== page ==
Documents question Justice Dept.'s handinling of Amerithrax case
The investigation that eventually pointed to Bruce E. Ivins as the perpetrator of the attacks was plagued by mistakes and complications since it began over a decade ago, according to the Washington Post.
Initially, investigators focused on the wrong man, a misstep that would cost the department a $6 million settlement. Ivins escaped trial by committing suicide in 2008. Now, court documents show how Justice Department civil attorneys contradicted their department's own conclusion in the case that Ivins was unquestionably the killer.
The lawyers claimed the type of anthrax in Ivins laboratory was "radically different" from the anthrax used to kill five people and infect 17 others. They suggested that a private lab located in Ohio could have been involved in the case and cited witnesses who claimed Ivins was entirely innocent.
The unusual instance of one portion of the Justice Department publicly questioning another could serve to undermine one of the most high-profile investigations conducted in recent years.
"I cannot think of another case in which the government has done such an egregious about-face. It destroys confidence in the criminal findings,'' Georgetown University law professor Paul Rothstein said, the Washington Post reports.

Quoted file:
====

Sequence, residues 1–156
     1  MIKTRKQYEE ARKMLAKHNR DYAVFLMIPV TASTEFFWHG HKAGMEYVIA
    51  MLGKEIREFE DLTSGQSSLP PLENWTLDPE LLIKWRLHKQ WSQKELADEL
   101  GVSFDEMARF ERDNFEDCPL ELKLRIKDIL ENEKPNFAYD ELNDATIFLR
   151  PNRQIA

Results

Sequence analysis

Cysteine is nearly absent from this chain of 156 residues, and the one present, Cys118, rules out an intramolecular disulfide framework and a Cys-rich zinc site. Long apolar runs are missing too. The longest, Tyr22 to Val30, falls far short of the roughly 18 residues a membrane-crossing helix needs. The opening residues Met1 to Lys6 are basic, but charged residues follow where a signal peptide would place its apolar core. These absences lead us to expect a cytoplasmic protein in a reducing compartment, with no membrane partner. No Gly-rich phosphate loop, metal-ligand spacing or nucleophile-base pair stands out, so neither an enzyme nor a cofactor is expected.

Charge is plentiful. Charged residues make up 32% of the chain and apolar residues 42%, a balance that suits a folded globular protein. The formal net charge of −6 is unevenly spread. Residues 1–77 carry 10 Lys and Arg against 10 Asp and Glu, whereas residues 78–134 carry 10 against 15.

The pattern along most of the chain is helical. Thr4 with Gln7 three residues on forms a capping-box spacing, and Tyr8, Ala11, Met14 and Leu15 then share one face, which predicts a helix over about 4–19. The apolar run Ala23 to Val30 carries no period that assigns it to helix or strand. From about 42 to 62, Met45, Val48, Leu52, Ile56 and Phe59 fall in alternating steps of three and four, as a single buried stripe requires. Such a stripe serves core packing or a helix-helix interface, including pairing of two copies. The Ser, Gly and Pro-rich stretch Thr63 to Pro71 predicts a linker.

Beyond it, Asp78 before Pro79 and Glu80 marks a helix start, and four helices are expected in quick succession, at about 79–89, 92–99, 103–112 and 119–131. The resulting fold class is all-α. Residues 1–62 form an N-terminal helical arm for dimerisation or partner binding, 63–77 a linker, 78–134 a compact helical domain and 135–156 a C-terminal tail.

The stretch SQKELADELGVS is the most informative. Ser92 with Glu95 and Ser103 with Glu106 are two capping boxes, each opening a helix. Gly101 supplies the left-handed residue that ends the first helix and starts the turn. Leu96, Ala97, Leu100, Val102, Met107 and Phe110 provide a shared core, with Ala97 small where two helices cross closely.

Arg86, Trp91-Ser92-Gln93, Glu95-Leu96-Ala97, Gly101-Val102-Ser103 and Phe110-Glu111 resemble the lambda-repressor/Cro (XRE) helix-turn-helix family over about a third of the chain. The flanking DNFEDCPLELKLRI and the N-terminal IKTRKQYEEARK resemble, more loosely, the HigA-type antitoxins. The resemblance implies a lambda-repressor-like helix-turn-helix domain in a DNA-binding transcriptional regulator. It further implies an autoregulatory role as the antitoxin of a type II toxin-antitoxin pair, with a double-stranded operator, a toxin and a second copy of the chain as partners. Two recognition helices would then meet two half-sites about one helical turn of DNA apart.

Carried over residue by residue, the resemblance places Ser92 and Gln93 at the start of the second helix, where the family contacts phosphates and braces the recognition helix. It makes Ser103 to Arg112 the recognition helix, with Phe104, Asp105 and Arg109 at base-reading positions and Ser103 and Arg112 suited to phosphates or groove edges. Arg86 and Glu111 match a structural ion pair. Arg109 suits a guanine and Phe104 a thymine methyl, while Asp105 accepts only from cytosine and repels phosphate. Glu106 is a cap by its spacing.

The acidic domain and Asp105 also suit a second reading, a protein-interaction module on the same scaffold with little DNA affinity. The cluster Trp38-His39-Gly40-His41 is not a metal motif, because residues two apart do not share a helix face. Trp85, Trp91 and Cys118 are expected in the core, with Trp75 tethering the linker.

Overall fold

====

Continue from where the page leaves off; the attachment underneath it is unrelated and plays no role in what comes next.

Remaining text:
The documents were filed as part of a lawsuit over the 2001 death of Robert Stevens, a Florida tabloid photo editor who died as a result of exposure to anthrax. His surviving relatives accused the government of negligence in handling anthrax research at Ivins' laboratory at Maryland's Fort Detrick. The department quietly settled the case in November.
Justice Department prosecutors and the U.S. Federal Bureau of Investigation maintain that their conclusions about Ivins are correct - that he was solely responsible for the attacks. They said the civil filings were simply a means to shield the government from the lawsuit, according to the Washington Post.
Regardless, when criminal investigators learned that their colleagues were challenging their conclusions, they were reportedly furious. Furthermore, the government's inconsistencies have added another layer of speculation and doubt to the case against Ivins. Experts say the civil lawyers went beyond what was needed to protect the government from liability and have served to damage the department's credibility.
"When there have been so many public statements about Ivins's guilt, someone higher up in the department should have seen this collision coming down the tracks,'' Rothstein said, the Washington Post reports.